Episode #152: The roving reporters take over! Samuel Dunsiger shares his story about recently appearing on television for the first time— and stuttering openly. We then hear from Christine Dits, the new addition to the roving reporter roster, who shares her experiences and tips when introducing herself to strangers— complete with stuttering on her name.
And I share my unfortunate circumstance of falling out of practice with maintaining eye contact. What the heck happened?! I used to be such a master at it!
Looks like I regressed to my old habits because I got out of practice. It’s back to the drawing board for myself as I take up the challenge of rebuilding my skill in maintaining eye contact.
Why is eye contact important? Quite simply, eye contact shows confidence. And makes you feel confident. And feeling confident makes you feel good. And feeling good is great! Making eye contact also helps us connect with the person we are speaking to. And it feels pretty good to look into someone’s eyes. Not only do you feel accepted, but you are fully giving them your attention.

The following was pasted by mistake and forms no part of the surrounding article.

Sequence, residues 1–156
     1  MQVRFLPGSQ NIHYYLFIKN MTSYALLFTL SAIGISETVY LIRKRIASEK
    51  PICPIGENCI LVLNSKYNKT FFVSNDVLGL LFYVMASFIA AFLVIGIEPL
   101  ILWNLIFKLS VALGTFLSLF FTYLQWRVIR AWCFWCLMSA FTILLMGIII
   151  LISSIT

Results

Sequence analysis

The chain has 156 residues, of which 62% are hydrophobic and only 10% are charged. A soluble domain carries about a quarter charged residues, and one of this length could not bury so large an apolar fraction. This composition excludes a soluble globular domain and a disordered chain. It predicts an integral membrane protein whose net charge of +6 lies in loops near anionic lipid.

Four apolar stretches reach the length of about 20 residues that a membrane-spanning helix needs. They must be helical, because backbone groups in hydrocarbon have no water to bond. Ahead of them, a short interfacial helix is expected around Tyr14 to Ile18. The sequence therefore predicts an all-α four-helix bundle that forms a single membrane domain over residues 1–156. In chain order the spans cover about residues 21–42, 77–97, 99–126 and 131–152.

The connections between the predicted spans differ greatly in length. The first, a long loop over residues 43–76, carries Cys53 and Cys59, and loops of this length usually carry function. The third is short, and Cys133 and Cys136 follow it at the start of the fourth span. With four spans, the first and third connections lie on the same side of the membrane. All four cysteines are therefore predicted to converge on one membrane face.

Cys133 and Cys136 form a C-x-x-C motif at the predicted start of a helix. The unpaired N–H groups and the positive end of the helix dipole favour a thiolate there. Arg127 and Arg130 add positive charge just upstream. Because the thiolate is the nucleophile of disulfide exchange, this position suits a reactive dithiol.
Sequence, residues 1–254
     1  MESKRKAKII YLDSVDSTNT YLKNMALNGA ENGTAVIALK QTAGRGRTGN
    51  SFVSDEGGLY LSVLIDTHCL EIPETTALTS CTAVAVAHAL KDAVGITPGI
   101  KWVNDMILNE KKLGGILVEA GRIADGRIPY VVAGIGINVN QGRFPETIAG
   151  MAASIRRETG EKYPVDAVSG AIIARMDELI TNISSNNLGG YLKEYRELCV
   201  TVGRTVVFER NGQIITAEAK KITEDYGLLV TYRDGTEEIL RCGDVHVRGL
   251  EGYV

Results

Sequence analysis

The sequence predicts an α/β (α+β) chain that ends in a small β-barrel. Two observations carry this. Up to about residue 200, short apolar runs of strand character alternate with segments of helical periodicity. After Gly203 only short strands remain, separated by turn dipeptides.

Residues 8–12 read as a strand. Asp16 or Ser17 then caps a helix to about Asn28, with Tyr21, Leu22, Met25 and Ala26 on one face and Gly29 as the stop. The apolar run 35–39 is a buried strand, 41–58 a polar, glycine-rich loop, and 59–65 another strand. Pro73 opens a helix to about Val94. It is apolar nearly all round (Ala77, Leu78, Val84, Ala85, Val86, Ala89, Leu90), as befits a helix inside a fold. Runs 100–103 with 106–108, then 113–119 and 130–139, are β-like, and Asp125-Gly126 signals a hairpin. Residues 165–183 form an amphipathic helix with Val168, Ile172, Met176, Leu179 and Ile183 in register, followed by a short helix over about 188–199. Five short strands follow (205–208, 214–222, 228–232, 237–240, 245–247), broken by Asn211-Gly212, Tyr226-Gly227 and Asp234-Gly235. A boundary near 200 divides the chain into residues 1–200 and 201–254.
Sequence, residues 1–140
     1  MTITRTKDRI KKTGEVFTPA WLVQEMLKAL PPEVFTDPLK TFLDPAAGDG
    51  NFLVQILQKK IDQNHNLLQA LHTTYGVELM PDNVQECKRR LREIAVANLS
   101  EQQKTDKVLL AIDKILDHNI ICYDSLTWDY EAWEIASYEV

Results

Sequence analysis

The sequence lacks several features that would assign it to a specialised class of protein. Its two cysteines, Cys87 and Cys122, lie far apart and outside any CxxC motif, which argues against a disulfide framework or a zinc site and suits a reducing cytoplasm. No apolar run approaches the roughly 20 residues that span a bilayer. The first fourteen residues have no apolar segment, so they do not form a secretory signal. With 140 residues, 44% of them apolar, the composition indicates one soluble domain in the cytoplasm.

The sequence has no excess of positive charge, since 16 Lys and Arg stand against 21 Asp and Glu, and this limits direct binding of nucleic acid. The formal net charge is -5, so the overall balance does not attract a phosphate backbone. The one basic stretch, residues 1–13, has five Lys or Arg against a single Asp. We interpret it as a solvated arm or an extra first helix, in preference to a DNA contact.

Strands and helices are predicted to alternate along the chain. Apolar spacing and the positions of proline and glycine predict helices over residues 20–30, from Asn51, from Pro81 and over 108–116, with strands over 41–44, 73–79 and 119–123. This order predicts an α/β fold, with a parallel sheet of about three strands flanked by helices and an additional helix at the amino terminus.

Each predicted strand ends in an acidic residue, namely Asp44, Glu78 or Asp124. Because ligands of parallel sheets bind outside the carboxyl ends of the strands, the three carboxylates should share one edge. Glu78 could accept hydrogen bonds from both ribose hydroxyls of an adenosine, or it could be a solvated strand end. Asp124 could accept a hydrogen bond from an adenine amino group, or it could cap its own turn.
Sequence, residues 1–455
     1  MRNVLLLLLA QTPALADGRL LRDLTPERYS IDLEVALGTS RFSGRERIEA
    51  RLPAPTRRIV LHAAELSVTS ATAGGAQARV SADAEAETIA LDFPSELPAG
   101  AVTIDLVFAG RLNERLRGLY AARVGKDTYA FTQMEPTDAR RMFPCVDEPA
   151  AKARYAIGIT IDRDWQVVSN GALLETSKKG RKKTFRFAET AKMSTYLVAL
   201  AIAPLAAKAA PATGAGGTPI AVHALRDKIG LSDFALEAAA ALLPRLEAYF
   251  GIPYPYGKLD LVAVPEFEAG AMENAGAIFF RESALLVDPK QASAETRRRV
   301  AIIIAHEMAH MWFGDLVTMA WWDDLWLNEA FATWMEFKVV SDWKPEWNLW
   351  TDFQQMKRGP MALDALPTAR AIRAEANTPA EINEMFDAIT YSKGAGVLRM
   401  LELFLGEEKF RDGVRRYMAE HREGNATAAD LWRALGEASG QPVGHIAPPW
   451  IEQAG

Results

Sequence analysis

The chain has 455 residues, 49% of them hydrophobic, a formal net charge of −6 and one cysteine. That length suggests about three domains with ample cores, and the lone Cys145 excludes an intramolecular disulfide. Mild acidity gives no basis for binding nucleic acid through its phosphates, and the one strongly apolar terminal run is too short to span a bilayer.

Think back to the last time you spoke with someone and that someone did not keep eye contact with you. How did you feel? I bet you felt like he or she wasn’t “in the moment” and I’ll bet you also didn’t feel connected.
What was your impression of that person? When that happens to me, I can’t help but think to myself if there is something on the mind of the person. Are they sad? What are they avoiding?
Don’t let this happen to you! It is very important to keep eye contact. Particularly if you are looking for work or a soul mate. Or even introducing yourself (after all, you don’t get a second chance at making a first impression). Sure, it can feel awkward at times and when you stutter, your body may feel like it “needs” to shut your eyes or look way in order to push your words out. But you have to try to stay in control. Break the habit of looking away and good things will happen.
If you have trouble maintaining natural eye contact and feel like you’re staring at the person you’re talking to, try just noticing their eye colour. That always helps me. It removes the pressure of doing a good job at maintaining eye contact and next thing you know you’re feeling pretty good at connecting with the other person. Stutter and all.
If the idea of looking at someone in the eye scares you, try looking around the eye. Their eyebrow, under the eye. Once you’ve mastered that, move in for the bull’s eye, so to speak.